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ABC News anchor Bob Woodruff and a cameraman were seriously injured Sunday in an explosion while reporting from Iraq.

ABC News anchor Bob Woodruff and a cameraman were seriously injured Sunday in an explosion while reporting from Iraq. (ABC / AP)

ABC News anchor Bob Woodruff and a cameraman were seriously injured Sunday in an explosion while reporting from Iraq.

ABC News anchor Bob Woodruff and a cameraman were seriously injured Sunday in an explosion while reporting from Iraq. (ABC / AP)

Col. Bryan Gamble, commander of Landstuhl Regional Medical Center, talks to the press Monday about the condition of ABC News anchor Bob Woodruff and cameraman Doug Vogt, who arrived at Landstuhl around 8:30 a.m. Monday.

Col. Bryan Gamble, commander of Landstuhl Regional Medical Center, talks to the press Monday about the condition of ABC News anchor Bob Woodruff and cameraman Doug Vogt, who arrived at Landstuhl around 8:30 a.m. Monday. (Steve Mraz / S&S)

LANDSTUHL, Germany — ABC News anchor Bob Woodruff and network cameraman Doug Vogt were in stable condition at Landstuhl Regional Medical Center’s intensive care unit as of Monday afternoon.

Woodruff has shown signs of improvement and may be airlifted to the United States as soon as Tuesday, the network’s news president said Monday.

The men, seriously injured Sunday during a roadside bomb attack in Iraq, arrived at Landstuhl around 8:30 a.m. Monday and were admitted to the hospital’s intensive care unit, said Col. Bryan Gamble, commander of Landstuhl Regional Medical Center.

“I really can’t go into the exact injuries for each individual, but they are injuries that typically you see with the improvised explosive device or IED,” he said.

Vogt, also hurt in the explosion, is in better shape than Woodruff but doctors were pleased with how both handled the transfer to a U.S. military base in Germany, said ABC News President David Westin.

The attack took place Sunday in Taji, about 12 miles north of Baghdad. Woodruff, Vogt and their four-man team were in the lead vehicle traveling in a convoy with Iraqi security forces, according to ABC News. The men were standing up in the back hatch of an Iraqi military personnel vehicle, filming the mission, when the convoy came under attack.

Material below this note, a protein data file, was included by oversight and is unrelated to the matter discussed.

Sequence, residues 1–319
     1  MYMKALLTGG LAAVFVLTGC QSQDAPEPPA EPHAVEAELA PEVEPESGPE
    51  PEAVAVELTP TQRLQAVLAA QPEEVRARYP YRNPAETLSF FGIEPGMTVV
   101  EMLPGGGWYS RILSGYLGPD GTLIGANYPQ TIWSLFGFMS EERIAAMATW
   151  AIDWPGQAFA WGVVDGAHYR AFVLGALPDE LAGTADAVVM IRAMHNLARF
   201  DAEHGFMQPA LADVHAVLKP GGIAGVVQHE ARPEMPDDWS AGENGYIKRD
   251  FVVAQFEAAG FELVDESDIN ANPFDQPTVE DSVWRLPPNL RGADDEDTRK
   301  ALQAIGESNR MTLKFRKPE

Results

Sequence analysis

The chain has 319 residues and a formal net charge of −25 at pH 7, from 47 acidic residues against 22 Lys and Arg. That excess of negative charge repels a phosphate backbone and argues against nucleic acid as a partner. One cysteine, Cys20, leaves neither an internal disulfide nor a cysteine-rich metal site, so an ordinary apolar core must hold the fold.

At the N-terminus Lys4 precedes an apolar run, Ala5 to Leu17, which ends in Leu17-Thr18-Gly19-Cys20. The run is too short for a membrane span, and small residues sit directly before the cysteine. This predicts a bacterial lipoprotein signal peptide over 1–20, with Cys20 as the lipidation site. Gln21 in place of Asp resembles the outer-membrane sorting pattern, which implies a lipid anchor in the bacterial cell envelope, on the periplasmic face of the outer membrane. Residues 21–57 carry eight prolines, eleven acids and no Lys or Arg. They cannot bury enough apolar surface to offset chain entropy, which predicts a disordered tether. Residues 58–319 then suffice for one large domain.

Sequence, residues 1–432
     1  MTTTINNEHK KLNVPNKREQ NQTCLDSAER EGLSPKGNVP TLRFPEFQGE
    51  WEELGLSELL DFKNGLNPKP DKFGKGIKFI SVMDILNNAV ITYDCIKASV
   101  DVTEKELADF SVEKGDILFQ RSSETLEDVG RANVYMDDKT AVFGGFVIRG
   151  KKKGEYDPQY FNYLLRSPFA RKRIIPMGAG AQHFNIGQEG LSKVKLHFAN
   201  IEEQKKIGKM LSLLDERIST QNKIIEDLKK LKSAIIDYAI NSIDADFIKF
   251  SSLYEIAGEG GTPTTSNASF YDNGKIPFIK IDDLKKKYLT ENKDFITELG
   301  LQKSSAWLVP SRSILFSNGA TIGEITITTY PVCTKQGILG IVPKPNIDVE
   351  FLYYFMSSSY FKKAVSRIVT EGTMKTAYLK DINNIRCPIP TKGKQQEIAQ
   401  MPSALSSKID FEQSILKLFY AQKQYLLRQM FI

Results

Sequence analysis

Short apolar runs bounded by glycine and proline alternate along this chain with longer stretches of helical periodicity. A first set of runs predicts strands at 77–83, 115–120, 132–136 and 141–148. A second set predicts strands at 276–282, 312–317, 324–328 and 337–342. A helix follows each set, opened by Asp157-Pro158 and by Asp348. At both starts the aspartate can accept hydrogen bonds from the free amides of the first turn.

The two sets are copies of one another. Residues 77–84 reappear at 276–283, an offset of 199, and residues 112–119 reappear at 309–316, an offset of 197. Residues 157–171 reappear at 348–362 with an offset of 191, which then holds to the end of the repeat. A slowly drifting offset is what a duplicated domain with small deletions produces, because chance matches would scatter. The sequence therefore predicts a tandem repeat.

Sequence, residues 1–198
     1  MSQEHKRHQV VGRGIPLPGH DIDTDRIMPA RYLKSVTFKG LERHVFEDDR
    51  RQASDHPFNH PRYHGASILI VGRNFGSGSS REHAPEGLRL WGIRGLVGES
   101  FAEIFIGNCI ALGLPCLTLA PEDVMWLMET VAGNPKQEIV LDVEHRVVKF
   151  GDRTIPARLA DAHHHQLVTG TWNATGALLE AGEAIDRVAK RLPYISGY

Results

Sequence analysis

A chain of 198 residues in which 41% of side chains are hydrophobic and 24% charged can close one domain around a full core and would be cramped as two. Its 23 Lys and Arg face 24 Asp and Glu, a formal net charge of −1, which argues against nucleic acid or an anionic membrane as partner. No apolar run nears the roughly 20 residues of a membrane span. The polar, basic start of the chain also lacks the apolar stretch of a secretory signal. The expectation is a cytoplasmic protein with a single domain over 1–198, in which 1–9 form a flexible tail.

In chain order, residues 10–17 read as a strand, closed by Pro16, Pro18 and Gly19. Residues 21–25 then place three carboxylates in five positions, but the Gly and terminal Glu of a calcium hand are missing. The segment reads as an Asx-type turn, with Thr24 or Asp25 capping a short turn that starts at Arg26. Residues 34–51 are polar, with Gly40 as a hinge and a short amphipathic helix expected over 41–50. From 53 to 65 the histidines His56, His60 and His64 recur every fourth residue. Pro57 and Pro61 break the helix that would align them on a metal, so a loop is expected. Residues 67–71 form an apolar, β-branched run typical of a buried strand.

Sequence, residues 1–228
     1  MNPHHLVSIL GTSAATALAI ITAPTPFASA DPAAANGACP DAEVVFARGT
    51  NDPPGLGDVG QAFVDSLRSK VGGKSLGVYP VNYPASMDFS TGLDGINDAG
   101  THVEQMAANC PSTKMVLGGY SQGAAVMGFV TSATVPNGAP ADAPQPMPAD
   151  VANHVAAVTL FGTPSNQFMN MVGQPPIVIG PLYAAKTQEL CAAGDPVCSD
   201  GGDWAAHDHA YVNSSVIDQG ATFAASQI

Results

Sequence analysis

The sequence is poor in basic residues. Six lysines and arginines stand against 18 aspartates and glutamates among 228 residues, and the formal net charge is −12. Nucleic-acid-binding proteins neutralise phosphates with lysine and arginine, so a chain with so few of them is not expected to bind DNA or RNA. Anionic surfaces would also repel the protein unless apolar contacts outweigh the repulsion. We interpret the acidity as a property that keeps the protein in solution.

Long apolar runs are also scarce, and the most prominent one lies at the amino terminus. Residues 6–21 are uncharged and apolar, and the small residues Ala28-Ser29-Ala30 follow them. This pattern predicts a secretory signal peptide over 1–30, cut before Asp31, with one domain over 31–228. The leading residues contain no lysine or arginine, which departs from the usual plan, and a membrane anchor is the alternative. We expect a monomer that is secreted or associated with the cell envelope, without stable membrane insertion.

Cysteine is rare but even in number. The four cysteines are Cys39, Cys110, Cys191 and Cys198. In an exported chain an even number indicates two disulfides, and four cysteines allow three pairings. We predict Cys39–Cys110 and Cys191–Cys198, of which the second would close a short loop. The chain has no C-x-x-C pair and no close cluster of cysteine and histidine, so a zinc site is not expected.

The men suffered shrapnel wounds and underwent surgery at the U.S. military hospital in Balad, Iraq, according to ABC News. Both suffered head injuries and Woodruff also suffered wounds to his upper body, according to ABC News. Both were reported to have been wearing body armor, helmets and ballistic glasses.

The injuries Woodruff and Vogt received from the blast are frequently seen among wounded servicemembers, contractors and civilians being treated at Landstuhl, doctors said.

“Unfortunately, this is a very common type of injury that we see,” said Air Force Lt. Col. (Dr.) Guillermo J. Tellez, chief of Landstuhl Regional Medical Center’s surgery division. “Whether they’re civilians, contractors or military, the improvised explosive device shrapnel-type wounds are very common.”

The men were originally in a Humvee but asked to move to the Iraqi vehicle. The roadside bomb explosion was followed by small- arms fire from three directions. An Iraqi soldier also was seriously wounded in the attack.

Woodruff and Vogt had been embedded with the 4th Infantry Division and were in a mechanized vehicle on a combined operation with Iraqi army and coalition forces when the bomb was detonated.

The Associated Press contributed to this report.


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